In June 2019, the spokesman of the Malmö Jewish community said it might close down in the coming decade. This would be the result, in part, of the authorities’ complete indifference to the community’s security needs. Following this announcement, two philanthropists promised to donate $4 million to cover the community’s security costs. The town’s coalition, comprising the Social Democrats and the Liberals, has refused to allocate funds from the municipal budget.

Löfven’s party has a long record of anti-Israel incitement by many of its leading figures. The country’s best known postwar PM, Social Democrat Olof Palme, was one of the very few leaders of a democratic country to openly compare Israel’s acts to those of the Nazis. In 1984, Deputy FM Pierre Schori, a Social Democrat, visited Israel. He praised Arafat and his “flexible policy,” claiming in an article that the terrorist acts of the PLO were “meaningless” while Israel’s retaliatory acts were “despicable acts of terrorism.”

Former Israeli ambassador to Sweden Zvi Mazel said, “The late foreign minister Anna Lindh [who served from 1998-2003] usually made the most vicious attacks on Israel. Her hatred of Israel can only be described as almost pathological. Under her leadership Sweden published the greatest number of one-sided condemnations of Israel of any EU country.”

Lindh’s successor as FM, Laila Freivalds (who served from 2003-06), also a Social Democrat, visited Yad Vashem in June 2004 to honor murdered Jews, then followed the visit by heavily criticizing Israel at a meeting at the Israeli Foreign Ministry. Freivalds remained silent on Sweden’s extensive antisemitism.

This phenomenon of paying honor to dead Jews, criticizing Israel, and completely ignoring or diminishing one’s own country’s delinquencies toward living Jews is common in Europe. Freivalds’ behavior was subsequently exposed by four former chairmen of the Swedish Jewish community who wrote about the rampant racism and antisemitism in the country.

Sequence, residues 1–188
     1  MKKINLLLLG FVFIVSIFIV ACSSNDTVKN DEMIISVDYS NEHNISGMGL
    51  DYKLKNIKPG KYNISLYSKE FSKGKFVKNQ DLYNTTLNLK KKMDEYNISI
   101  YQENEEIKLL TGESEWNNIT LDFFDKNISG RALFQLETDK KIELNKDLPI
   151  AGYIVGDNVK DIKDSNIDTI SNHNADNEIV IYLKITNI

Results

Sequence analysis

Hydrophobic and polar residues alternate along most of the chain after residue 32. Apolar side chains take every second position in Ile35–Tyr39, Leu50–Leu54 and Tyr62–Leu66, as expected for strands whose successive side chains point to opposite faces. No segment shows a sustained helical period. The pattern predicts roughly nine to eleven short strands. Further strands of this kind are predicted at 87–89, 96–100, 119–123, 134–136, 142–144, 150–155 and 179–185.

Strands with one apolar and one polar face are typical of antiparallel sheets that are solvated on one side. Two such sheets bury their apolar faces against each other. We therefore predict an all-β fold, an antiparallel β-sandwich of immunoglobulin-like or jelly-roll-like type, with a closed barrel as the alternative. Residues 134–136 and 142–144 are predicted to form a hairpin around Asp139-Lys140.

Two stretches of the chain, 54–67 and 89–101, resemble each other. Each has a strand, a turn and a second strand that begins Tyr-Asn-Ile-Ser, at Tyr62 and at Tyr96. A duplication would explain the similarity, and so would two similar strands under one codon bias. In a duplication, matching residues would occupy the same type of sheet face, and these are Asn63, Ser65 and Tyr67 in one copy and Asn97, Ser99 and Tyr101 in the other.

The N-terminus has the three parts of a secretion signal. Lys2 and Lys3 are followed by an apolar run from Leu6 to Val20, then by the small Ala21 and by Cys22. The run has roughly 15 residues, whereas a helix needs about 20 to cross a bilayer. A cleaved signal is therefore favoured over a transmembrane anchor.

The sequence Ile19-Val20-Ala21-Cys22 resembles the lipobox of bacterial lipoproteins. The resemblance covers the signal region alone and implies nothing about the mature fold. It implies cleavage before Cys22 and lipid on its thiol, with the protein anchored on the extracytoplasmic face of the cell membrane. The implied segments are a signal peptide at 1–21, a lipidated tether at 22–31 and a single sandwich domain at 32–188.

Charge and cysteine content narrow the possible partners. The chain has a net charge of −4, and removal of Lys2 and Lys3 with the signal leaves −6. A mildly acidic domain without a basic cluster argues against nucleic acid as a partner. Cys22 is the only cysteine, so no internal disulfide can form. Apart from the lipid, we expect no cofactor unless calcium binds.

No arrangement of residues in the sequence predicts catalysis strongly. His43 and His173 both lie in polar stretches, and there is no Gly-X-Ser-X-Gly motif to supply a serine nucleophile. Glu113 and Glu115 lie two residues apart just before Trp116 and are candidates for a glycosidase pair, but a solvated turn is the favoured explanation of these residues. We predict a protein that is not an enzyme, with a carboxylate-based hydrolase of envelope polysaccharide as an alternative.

The current Swedish FM, Margot Wallström, also a Social Democrat, has asked for an investigation into the killing of terrorists by Israel. She hasn’t made any such request from other democratic countries where terrorists have been killed after attacks. According to the International Holocaust Remembrance Alliance definition, by singling Israel out in this way, Wallström committed an antisemitic act.

In January 2019, the European Commission published a report on perceptions of antisemitism in the 28 EU member states. Sweden was found to be the country where the largest part of the general population, 80%, think antisemitism is a problem.

There are reports that Israeli PM Benjamin Netanyahu rejected requests for a meeting with Löfven at the UN in 2016 and 2017. This was because of Sweden’s decision to recognize a Palestinian state in 2014. One wonders whether Israel will attend the planned conference in 2020. Its absence would thoroughly undermine its credibility.

The best reaction to the announced conference would be the preparation of a detailed black book on antisemitism and anti-Israel incitement in Sweden to be widely distributed and sent ahead of the conference to all participants. In the meantime, one should expect international Jewish organizations to provide participants with a detailed overview of Sweden’s below par record on fighting antisemitism. This might force the Swedish government to finally accept the IHRA definition for domestic use and start acting against antisemitism. If it does not, it could at least prevent the Swedish government from abusing the conference for public relations purposes.

Dr. Manfred Gerstenfeld­­­­­­­­­­­­­­­­­­­­ is a Senior Research Associate at the BESA Center and a former chairman of the Steering Committee of the Jerusalem Center for Public Affairs. He specializes in IsraeliWestern European relations, antisemitism, and anti-Zionism, and is the author of The War of a Million Cuts.